Mindlessness and the Human Doing

Mindfulness in Action:

The Path from “Human Doing” to “Human Being”

In a world where multitasking is often celebrated as a skill, the art of mindfulness invites us to engage differently with our tasks and ourselves. Mindfulness, a term that has roots in ancient practices and has been crystallized in modern therapeutic contexts, offers a profound shift from being a “human doing” to a “human being.” This distinction is not merely linguistic; it is a fundamental reorientation of how we interact with our world.

The Paradigm of “Human Doing”

Are you a human doing?

Let’s explore the concept of “human doing,” a state many of us find ourselves in — often unconsciously. It is characterized by an incessant drive to go-go-go, do it, grind, hustle, perform, contribute, and produce. In this mode, our identity and self-worth are frequently tied to our productivity and achievements. The “human doing” is caught in a cycle of perpetual motion, rarely pausing to reflect or savor the moment.

The “human doing” is also synonymous with multitasking—a common practice in our fast-paced society. Multitasking, while sometimes necessary, often leads to divided attention, where tasks may be completed, but rarely with full awareness or optimal quality. This scattered approach can generate stress, reduce efficiency, and even impede our cognitive functions.

Embracing “Human Being” through Mindfulness

Are you a human being?

Embracing our “human being” entails slowing down and paying attention. Mindfulness is the practice of being fully present and engaged with whatever we are doing at the moment without judgment and with an open heart. It is a commitment to experiencing the present rather than “doing” our way through it.

When we apply mindfulness to task completion, we give our full attention to one task at a time. This focused attention is not a passive state; it is an active process of observing thoughts, feelings, and sensations as they arise, acknowledging them, and returning to the task at hand. This single-tasking approach has numerous benefits, including:

  • Enhanced Performance: By concentrating on one task, we bring a higher quality of awareness and precision to our work.
  • Reduced Stress: Mindful task completion allows for a more relaxed state of working, as opposed to the frenetic energy of multitasking.
  • Increased Enjoyment: Immersion in the present task can transform mundane activities into more pleasurable experiences.

Integration of “What” and “How” Skills in Mindfulness

In Dialectical Behavior Therapy (DBT), a therapeutic approach that incorporates mindfulness as a core component, the “what” and “how” skills offer a framework for practicing mindfulness in daily activities. The “what” skills involve observing, describing, and participating, while the “how” skills focus on doing these things non-judgmentally, one-mindfully, and effectively.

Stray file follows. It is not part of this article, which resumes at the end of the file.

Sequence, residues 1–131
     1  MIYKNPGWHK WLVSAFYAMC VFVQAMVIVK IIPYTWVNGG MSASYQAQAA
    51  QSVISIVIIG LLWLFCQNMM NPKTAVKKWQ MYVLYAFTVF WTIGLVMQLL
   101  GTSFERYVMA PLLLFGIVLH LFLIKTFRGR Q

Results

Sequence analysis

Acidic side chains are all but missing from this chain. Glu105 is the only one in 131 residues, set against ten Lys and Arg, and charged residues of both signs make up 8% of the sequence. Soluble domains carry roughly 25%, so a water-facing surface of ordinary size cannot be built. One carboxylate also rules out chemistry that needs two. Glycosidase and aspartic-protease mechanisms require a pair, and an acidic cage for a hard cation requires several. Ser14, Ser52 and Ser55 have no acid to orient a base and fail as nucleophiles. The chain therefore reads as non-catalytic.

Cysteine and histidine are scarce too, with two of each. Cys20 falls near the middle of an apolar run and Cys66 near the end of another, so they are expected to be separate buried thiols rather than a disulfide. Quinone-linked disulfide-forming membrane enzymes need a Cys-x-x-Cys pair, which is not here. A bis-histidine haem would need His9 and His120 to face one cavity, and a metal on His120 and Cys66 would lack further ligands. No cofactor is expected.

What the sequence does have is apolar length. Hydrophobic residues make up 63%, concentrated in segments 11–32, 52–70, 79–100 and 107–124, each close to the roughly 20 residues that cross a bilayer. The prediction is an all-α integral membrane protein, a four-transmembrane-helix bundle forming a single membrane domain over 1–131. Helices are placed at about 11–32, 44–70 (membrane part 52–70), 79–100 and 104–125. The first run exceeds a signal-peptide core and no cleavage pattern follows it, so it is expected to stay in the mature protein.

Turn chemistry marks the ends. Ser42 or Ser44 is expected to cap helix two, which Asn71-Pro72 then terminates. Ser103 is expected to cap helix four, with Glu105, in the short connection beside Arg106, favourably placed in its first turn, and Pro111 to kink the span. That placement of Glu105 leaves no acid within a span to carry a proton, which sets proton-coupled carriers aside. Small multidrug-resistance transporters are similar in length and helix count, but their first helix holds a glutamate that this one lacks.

• Observing: Noticing the internal and external experiences without reacting or judging them.
  • Describing: Putting words to the observed experiences without over-identifying with them.
  • Participating: Engaging fully with the current activity, letting go of self-consciousness.

These skills, when applied to tasks, enhance our ability to perform with presence and awareness, aligning with the single-tasking principle of mindfulness.

The Concept of “Wise Mind” in DBT

The “wise mind” is a DBT concept that represents a synthesis of reasonable thought and emotional experience. It is the deep inner knowledge that emerges when we are mindful and in tune with both our logical and emotional selves. In the context of task completion, the “wise mind” allows us to approach our work with a balance of focus and intuition, leading to decisions and actions that feel inherently right.

In practice, accessing our “wise mind” can mean taking a brief pause before beginning a task to center ourselves, or it can involve stepping back when we notice our mind wandering to gently guide our attention back without self-criticism.


The transition from “human doing” to “human being” is not about doing less; it’s about being more—more present, more engaged, and more connected with each moment and task. By incorporating mindfulness into our task completion, using the “what” and “how” skills of DBT, and tapping into our “wise mind,” we open ourselves to a more fulfilling and balanced way of living and working.

Mindfulness, therefore, is not just a therapeutic tool; it’s a way of life. It’s about finding depth in our daily activities and transforming the ordinary into the extraordinary. As we journey from doing to being, we discover that each moment holds infinite potential for awareness, growth, and peace.